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Men more at risk of losing sight to Glaucoma

15 March, 2017
Men are at greater risk of losing their sight than women
Men are at greater risk of losing their sight than women

Men are at greater risk of losing their sight than women because they ignore early warning signs and do not seek medical attention, according to a recent study.

Independent research focusing on the eye condition glaucoma, carried out by City, University of London, showed that men are 16% more likely than women to suffer advanced vision loss on diagnosis of the condition.

Silent thief of sight

Glaucoma – often described as the ‘silent thief of sight’ due to its gradual onset – causes damage to the optic nerve. It affects 600,000 in the UK and more than 64 million people worldwide making it the leading cause of irreversible blindness globally.

In order to raise awareness of the issue and encourage both men and women to have regular eye examinations, Specsavers has launched a health information campaign in partnership with the International Glaucoma Association (IGA). The £1m initiative coincides with World Glaucoma Week , which runs from March 12-18.

Karen Osborn, CEO of the IGA, said: ‘Glaucoma is found in 2% of the UK’s population aged over 40. Most of those people have a slow developing form of the condition and we estimate that half of all cases – that’s over 300,000 people – remain undiagnosed and are unaware that they are slowly losing their sight.

The importance of regular eye examinations

'Research shows more men than women are expected to be in this group because they simply do not seek medical treatment as readily as women.

‘The health awareness campaign that the IGA is working on with Specsavers will educate about the importance of regular eye examinations before it is too late to save your sight.’

RNIB (The Royal National Institute of Blind People) and Specsavers ‘State of the Nation’ report revealed that nearly 14 million people in the UK are not having their eyes tested every two years as recommended, leading to a huge burden on the economy due to easily preventable vision-related issues.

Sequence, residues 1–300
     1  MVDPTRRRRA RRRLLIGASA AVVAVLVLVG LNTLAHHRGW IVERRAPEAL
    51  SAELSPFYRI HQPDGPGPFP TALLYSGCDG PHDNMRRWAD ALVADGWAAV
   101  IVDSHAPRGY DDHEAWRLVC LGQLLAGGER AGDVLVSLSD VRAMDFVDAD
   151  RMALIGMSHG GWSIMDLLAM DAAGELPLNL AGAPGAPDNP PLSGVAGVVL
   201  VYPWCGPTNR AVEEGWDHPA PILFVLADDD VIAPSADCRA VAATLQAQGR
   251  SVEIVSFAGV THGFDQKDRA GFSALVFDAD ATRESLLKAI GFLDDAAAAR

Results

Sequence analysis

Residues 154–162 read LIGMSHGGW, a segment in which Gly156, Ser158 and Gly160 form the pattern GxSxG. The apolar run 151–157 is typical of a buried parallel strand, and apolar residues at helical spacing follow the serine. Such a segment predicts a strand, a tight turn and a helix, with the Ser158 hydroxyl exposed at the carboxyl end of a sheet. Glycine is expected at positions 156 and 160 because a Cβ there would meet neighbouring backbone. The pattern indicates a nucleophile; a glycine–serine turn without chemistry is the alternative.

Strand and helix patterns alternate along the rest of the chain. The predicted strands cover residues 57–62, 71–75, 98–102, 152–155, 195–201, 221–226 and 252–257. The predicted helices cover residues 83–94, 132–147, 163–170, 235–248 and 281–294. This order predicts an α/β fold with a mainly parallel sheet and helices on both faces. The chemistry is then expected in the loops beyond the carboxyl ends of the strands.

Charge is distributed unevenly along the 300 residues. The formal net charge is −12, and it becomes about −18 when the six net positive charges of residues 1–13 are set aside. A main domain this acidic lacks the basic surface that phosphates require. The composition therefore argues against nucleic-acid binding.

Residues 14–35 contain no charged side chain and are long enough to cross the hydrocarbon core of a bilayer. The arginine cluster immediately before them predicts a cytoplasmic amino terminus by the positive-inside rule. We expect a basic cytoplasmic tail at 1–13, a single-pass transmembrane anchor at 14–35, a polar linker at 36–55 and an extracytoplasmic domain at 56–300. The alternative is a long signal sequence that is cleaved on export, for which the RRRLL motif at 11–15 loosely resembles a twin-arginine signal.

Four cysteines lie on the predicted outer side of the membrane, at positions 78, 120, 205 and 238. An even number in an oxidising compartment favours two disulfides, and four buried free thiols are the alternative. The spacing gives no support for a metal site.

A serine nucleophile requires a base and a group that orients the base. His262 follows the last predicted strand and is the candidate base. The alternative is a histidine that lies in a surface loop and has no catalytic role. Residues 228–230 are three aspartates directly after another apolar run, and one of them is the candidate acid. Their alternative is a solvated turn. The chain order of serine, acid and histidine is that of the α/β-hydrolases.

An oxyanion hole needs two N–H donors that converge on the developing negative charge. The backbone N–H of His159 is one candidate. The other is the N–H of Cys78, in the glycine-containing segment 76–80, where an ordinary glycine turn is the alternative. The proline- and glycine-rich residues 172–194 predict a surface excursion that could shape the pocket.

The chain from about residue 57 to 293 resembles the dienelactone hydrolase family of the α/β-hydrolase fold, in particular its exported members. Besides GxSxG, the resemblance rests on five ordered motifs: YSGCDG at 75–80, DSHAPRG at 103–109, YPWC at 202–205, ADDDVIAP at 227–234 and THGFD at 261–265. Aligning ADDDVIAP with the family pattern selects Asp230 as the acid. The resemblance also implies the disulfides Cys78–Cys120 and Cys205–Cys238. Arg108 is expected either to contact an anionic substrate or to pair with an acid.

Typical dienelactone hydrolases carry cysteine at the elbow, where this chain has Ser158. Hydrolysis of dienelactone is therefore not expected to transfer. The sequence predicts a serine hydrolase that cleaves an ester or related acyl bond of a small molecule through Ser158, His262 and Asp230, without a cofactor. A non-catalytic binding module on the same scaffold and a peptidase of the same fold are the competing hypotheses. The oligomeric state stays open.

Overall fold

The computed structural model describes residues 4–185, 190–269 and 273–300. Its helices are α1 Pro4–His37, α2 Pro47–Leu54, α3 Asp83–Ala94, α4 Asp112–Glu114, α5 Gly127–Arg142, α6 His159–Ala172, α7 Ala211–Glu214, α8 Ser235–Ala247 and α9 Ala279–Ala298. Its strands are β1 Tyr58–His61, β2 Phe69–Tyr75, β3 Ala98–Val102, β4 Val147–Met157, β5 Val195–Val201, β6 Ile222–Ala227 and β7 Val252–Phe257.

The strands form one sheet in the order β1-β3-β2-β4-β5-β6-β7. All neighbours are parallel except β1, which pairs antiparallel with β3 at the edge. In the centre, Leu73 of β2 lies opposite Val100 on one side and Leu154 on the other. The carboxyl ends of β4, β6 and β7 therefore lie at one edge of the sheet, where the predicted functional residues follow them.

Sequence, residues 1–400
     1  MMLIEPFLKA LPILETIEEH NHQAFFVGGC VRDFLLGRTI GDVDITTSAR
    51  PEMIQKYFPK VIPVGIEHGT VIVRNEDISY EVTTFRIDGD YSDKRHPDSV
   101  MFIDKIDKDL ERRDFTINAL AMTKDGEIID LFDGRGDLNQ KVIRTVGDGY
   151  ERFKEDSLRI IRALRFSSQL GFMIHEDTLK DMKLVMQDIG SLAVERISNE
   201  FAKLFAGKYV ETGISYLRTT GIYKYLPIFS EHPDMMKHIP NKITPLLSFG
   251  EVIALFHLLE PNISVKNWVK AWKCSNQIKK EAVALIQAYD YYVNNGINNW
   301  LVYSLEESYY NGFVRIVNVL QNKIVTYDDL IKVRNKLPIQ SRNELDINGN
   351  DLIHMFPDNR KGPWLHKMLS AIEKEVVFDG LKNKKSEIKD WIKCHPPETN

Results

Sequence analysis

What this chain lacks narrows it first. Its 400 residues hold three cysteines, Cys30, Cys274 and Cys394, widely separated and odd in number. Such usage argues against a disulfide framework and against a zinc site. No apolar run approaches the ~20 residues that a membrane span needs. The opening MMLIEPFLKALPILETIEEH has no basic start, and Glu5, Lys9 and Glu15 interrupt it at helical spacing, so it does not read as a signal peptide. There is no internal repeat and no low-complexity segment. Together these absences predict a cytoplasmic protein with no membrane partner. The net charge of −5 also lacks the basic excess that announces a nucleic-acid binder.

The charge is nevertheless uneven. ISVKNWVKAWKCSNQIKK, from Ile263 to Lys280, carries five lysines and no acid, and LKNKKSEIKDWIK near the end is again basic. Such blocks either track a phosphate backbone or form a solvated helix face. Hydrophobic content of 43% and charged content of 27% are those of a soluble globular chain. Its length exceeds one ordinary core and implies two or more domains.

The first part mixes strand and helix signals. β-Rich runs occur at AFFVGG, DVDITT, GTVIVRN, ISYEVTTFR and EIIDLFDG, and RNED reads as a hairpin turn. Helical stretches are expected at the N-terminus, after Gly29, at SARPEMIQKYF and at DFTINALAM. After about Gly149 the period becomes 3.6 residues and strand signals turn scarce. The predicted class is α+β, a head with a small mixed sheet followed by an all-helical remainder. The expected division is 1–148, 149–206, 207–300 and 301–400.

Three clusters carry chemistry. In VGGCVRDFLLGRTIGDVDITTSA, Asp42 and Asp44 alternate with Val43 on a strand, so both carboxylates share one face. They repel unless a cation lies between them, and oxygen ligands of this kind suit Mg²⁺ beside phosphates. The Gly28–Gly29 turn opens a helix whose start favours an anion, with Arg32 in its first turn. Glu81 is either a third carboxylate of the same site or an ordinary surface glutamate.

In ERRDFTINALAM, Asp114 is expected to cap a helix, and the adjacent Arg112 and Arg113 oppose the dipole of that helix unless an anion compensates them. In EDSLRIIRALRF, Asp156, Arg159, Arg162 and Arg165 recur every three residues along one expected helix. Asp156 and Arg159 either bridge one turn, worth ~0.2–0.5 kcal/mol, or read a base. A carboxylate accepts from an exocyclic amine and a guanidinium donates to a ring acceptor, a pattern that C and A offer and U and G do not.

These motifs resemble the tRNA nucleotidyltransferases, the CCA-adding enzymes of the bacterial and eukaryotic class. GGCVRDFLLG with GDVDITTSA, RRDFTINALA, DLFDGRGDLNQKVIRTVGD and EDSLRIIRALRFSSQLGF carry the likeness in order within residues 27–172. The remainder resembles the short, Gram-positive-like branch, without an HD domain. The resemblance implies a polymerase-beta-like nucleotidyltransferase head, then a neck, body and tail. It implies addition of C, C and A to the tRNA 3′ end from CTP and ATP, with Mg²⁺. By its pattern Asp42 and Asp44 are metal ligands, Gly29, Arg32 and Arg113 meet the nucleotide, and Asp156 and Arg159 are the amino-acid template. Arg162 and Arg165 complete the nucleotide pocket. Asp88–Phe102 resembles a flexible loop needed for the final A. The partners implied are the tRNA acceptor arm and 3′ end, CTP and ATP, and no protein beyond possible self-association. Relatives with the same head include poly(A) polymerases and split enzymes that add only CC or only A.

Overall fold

Intervention and management

Sally Harvey, Chief Executive of RNIB, said: ‘We welcome any initiative that encourages people to look after their eye health.

‘Regular eye tests and early detection on the high street, followed by timely intervention and management of eye health conditions, could help save your sight.'

By World Glaucoma Week, each Specsavers store aims to have at least one optometrist who has completed the WOPEC (Wales Optometry Postgraduate Education Centre) Level 1 glaucoma accreditation. This reinforces their skills in detecting glaucoma and monitoring the signs of its progression, with Level 2 set to be achieved by September.

Detecting and monitoring

Specsavers clinical spokesperson, Dr Nigel Best, says: ‘The only way to know if your eyes are healthy and your vision is accurate is to have your eyes checked by an optician at least once every two years.

‘By detecting and monitoring glaucoma on the high street, our optometrists can help to ensure people with glaucoma don’t get to the stage where the condition becomes sight-threatening.

This not only greatly enhances their quality of life, helping to reduce isolation, depression and maintain independence by reducing reliance on others, it also has positive economic impacts.'

To donate to the IGA, text TEST17 £5 TO 70700. To donate £3 to RNIB text DOTS to 70111

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